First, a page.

Having seen the president disembark from his train yesterday, Leon understood that his chances of being close enough to the president were slim. Once again the newspaper gave him all the information he needed.
Hundreds of eager fans had gathered around Milbourn House on Delaware Street hoping to catch a glimpse of the President as he departed for the exposition. Thousands more lined Lincoln Parkway all the way to the exposition. It had been announced the president would arrive that morning and give a planned speech.
Remembering the strong security and the excitable crowd, Leon Czolgosz decided to forgo being in the right place at the right time and instead just go directly to the exposition center and take a position where he knew the president would arrive at some point this morning.
Leon Czolgosz had arrived early, long before the president had left Milbourn House. He easily found the flag draped podium and made his way there. Few people had yet gathered, but Leon was ready. As the cool morning hours began to warm, Leon could hear the crowd outside the stadium begin to cheer. Everything had been going in slow motion up to then. Now suddenly John Milbourn had stepped up to the lecture and announced to the crowd “Ladies and gentlemen, the President of the United States.” And there he was, almost right in front of him but 20 feet higher.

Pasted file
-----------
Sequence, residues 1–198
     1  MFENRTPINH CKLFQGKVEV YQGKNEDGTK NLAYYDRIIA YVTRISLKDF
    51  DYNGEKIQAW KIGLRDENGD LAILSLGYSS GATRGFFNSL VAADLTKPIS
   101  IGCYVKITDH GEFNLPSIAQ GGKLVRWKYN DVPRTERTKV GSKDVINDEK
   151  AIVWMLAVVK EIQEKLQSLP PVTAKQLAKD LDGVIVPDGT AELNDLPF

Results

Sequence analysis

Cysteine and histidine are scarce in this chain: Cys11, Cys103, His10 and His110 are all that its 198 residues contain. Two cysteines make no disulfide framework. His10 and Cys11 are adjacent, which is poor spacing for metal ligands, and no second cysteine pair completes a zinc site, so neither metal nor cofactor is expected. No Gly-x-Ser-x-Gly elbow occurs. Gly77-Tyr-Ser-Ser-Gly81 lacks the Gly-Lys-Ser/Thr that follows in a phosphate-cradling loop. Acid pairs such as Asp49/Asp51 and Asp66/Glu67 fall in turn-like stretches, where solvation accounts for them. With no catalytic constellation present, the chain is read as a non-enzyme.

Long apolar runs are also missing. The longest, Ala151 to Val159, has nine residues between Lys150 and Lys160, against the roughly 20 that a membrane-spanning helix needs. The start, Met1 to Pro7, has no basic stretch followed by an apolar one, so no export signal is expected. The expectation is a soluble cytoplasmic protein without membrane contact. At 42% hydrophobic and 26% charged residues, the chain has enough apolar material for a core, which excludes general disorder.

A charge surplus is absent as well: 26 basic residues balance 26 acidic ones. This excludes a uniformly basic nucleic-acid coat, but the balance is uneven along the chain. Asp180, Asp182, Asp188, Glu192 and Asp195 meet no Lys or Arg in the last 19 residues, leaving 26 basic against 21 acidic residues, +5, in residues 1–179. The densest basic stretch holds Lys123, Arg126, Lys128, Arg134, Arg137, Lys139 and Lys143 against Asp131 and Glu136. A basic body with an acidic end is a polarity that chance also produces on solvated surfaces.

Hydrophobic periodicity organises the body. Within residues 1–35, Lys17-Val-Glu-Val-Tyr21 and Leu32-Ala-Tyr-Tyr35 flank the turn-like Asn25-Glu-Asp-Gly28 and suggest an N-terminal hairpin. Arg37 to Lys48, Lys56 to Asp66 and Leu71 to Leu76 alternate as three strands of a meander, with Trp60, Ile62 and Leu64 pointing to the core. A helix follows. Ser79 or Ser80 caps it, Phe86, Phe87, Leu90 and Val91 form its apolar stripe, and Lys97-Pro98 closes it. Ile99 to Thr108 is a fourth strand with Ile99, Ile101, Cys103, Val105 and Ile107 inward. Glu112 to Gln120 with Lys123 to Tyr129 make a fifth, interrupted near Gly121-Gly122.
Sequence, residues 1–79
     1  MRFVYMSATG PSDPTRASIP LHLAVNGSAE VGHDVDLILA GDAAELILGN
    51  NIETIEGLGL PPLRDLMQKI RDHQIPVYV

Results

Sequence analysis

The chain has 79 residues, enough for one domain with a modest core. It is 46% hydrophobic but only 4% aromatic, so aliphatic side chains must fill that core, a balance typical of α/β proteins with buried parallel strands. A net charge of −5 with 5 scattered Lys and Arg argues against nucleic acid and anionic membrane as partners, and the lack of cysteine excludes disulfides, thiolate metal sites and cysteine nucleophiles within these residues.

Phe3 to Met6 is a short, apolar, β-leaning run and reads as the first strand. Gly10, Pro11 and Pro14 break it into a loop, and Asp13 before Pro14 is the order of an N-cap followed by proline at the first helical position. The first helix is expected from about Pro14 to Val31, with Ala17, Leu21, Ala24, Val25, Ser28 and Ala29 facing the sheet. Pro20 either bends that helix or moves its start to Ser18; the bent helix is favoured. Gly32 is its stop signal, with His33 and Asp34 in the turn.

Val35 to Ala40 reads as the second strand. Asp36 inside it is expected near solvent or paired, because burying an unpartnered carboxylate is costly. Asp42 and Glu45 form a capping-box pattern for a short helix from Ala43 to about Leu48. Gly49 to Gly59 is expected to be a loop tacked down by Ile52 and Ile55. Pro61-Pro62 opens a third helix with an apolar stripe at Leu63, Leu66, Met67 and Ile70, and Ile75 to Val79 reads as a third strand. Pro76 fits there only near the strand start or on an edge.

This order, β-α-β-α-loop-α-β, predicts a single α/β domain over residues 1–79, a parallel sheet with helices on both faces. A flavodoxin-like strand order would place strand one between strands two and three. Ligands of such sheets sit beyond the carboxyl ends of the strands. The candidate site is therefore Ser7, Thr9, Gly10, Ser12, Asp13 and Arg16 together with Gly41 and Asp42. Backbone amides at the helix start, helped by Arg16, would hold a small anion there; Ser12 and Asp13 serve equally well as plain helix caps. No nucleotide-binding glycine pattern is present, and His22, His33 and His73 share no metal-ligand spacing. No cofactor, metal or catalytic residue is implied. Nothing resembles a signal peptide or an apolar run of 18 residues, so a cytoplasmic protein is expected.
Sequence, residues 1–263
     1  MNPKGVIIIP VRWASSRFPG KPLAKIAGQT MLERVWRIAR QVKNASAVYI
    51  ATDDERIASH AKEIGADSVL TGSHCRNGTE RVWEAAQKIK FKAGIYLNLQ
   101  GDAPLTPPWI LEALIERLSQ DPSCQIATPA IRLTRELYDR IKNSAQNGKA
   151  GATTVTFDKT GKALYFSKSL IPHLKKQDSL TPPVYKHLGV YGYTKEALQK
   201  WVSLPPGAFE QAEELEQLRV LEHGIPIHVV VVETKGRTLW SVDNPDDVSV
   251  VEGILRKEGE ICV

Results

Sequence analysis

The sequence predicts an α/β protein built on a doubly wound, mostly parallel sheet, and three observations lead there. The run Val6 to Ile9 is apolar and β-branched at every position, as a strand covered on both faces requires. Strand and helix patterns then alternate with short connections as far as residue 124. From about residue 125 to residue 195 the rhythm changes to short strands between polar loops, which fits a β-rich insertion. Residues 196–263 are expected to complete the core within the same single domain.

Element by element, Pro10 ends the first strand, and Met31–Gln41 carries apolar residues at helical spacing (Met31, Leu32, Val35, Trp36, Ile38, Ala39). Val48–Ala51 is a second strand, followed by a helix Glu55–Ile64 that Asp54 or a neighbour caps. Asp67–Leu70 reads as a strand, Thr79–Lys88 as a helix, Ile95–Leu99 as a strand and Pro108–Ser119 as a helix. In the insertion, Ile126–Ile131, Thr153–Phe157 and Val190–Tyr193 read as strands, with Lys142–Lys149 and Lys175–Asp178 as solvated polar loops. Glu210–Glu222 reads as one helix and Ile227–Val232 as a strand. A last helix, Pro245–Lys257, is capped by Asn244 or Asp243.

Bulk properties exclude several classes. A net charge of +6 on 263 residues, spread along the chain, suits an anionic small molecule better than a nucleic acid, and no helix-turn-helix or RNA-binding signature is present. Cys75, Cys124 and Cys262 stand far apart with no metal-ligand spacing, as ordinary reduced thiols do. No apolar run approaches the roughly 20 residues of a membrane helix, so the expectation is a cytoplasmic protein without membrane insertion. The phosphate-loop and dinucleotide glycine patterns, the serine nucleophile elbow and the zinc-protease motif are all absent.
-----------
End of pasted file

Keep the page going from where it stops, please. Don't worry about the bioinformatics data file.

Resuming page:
Again Leon had misjudged. If he could take his shot the chances would be that he would miss. The angle wasn’t right, he was too close, but would he have a better chance? His mind raced through the different scenarios. His hand clutching at the revolver in his pocket. A woman next to him decided to get a better view, jostling Leon and she moved. Leon looked at her in disgust and muttered something no one heard. And then, it was over. The president had already folded his speech and put it in his frock coat pocket– waved at the crowd and stepped back and was out of sight.
Another fruitless day. Leon was frustrated knowing that the rest of the president’s day would be spent in events around the fair. There would be no further opportunity today. Leon made his way back to the hotel, ordered a whiskey and went to his room.
Later that day, the president would pose for a photograph along with a number of dignitaries. It would be the last posed photograph that would be taken of him.
From right to left: Colonel John H. Bingham (the tall gentlemen) of the Government Board, just behind the colonel and the president is George Cortelyou, next is the president, just to his right is the Mexican Ambassador, Manuel Azpíroz, and next to the ambassador is Mrs. John Miller Horton, Chairwoman of the Entertainment Committee. In between the ambassador and Mrs. Horton and just behind them is John G. Milburn, President of the Exposition.